What is your business worth?

What is your business worth?

You're out: to grow your business further, you need investors. This is an important step, so you're not going to take any chances. One of the first things you're going to do now is determine the value of your business. But what is my business worth? If you don't know that, it's going to be hard to find investors. In this article, you'll learn how to determine the value of your business using the Discounted Cash Flow method (DCF method), among other methods.

3 methods to determine the value of your business

There is no holy grail when it comes to determining the value of your business. But that doesn't mean there are no handles. The following 3 business valuation methods are commonly used to estimate the value of a business:

  • Discounted cash flow
  • Venture capital method
  • Market multiples

Below we briefly explain what these methods entail. Finally, we'll tell you about a fourth option: deferring business valuation.

Discounted cash flow method (DCF method)

In a Discounted Cash Flow method, or DCF method for short, your business is valued based on future cash flows. In other words, we look at the money you can make from your business in the future, the free cash flow. To do this, you map out all future cash flows, then offset the incoming with the outgoing. You then discount the free cash flow. That means using a chosen interest rate to convert the future amount back to its present value. We do this using the cost of capital or discount rate. Once your free cash flow is discounted, you have the value of your business to hand.

Venture capital method

An investor is not a charity: he wants value for money. With the venture capital method, we look at the potential value of the investment at the time the investor wants to get out again. This method looks at the business valuation from the investor's point of view, and less from your point of view as an entrepreneur.

With this method, the investor must determine in advance how much he wants to earn back with his investment, the "return on investment. In addition, he must have an idea of the value of your company in a number of years, when he wants to sell his share again.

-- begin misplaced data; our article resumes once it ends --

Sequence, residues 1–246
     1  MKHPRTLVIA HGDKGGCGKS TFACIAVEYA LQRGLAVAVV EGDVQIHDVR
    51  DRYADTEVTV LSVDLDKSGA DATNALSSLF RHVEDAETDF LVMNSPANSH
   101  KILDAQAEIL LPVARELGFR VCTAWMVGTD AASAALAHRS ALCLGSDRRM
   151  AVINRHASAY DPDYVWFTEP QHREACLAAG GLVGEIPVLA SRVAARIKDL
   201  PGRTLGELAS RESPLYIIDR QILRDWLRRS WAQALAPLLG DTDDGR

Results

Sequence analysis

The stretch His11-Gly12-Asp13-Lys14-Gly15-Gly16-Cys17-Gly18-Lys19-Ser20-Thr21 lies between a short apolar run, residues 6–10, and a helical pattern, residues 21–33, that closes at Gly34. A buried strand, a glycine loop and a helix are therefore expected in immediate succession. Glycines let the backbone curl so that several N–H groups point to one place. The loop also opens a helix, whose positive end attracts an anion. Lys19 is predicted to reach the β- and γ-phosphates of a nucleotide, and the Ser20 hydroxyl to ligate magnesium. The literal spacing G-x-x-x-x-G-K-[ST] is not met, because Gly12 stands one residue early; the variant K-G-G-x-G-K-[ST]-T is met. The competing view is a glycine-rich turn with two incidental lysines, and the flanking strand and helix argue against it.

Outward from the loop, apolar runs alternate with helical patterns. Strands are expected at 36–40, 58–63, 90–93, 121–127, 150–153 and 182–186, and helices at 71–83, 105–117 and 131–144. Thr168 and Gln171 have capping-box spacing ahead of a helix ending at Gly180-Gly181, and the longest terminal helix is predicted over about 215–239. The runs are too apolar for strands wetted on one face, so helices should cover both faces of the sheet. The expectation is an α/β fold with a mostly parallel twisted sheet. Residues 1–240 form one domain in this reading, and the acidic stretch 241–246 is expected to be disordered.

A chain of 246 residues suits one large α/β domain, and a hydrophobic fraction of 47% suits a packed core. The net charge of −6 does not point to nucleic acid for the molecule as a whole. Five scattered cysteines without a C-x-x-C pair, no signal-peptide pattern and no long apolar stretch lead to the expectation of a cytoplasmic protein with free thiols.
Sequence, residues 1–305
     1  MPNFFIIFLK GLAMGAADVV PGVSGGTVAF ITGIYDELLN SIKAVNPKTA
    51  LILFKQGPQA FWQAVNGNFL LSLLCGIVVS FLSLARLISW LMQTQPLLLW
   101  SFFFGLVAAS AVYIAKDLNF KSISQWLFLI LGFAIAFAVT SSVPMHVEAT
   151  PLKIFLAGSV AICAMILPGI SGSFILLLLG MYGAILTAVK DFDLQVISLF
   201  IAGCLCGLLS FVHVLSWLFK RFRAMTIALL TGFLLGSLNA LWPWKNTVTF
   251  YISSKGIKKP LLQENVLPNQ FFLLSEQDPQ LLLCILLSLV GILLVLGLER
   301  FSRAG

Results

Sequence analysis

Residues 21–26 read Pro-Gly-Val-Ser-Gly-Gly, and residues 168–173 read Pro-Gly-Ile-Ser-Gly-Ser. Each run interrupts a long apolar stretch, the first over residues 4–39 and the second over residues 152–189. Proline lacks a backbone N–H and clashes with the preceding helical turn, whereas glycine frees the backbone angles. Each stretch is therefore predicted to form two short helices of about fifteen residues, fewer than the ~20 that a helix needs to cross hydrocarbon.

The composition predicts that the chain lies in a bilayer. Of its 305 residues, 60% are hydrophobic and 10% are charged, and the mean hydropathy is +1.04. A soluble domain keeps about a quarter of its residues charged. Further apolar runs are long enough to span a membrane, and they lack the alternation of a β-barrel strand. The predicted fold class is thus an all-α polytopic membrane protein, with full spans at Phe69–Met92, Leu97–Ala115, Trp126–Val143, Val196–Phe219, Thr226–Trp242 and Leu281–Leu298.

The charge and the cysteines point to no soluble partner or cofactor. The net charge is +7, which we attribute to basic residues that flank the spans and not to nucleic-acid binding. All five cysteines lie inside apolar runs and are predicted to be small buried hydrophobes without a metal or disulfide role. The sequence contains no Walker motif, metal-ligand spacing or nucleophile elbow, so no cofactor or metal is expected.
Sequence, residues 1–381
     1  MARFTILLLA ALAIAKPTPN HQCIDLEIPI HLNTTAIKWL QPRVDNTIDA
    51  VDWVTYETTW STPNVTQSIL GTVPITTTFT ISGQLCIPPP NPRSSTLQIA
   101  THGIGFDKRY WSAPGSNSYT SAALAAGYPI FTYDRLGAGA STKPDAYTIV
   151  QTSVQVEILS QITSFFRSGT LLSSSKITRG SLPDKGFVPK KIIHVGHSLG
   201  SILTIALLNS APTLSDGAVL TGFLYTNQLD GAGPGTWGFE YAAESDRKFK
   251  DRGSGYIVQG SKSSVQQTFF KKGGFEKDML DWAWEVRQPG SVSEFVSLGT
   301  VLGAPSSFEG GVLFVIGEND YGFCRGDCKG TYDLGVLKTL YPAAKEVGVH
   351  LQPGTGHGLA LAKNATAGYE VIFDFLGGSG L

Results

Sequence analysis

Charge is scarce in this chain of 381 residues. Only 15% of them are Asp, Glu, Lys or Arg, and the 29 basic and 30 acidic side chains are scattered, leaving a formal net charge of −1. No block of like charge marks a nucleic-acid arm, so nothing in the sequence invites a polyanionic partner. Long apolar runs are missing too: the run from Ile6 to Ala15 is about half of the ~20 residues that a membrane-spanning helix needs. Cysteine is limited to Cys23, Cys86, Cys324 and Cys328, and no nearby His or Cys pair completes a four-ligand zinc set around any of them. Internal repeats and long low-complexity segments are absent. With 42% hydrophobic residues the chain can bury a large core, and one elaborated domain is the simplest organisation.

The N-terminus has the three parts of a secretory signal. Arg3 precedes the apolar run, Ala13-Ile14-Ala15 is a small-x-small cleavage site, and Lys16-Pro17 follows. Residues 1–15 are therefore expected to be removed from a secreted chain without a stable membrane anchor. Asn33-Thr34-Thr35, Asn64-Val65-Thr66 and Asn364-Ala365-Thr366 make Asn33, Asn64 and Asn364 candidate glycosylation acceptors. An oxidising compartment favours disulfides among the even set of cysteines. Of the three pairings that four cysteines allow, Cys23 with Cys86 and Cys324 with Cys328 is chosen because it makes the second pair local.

With these 2 elements, an investor can calculate back and determine how much to invest in your company now.

Market multiples

You can value your company by working with multiples. This is simpler than using the DCF or venture capital method. The value of your company is based on amounts for which comparable companies have been sold. However, it is important here that the risk profiles of both companies are the same. One of the most commonly used multiples is the Enterprise Value multiple: Enterprise Value / EBITDA. This formula indicates how long it will take to recoup the acquisition of (100% of) the company at constant EBITDA.

What is my business worth?

Hopefully, you can now answer the question , "What is my business worth? But whatever method you use to determine the value of your business: there is always room for debate. That makes sense, because you and the investor have different interests. He prefers to pay as little as possible per share, while you want to get as much as possible per share. Therefore, a combination of methods is usually used to determine the value. Still, a valuation discussion can remain quite tricky. But there are other methods, such as the convertible loan.

We see these coming back more and more often. Here the investor lends you an amount of money without getting shares in return immediately. It is agreed in advance when the loan will be converted into shares. Often the investor receives a discount on the then current valuation for the risk he took earlier.

Become investor ready?

Valuing your business is one of the steps you need to take to attract investors. Raising funding involves more than just valuing your business. Wondering how you can become investor ready? Then download our white paper!

Become investor ready?

In this white paper:

  • What challenges do you face and how do you deal with them?
  • Becoming investor ready in four steps!
  • An overview of all funding options

    Please note that this whitepaper is only available in Dutch at the moment. We are in the process of translating this whitepaper.
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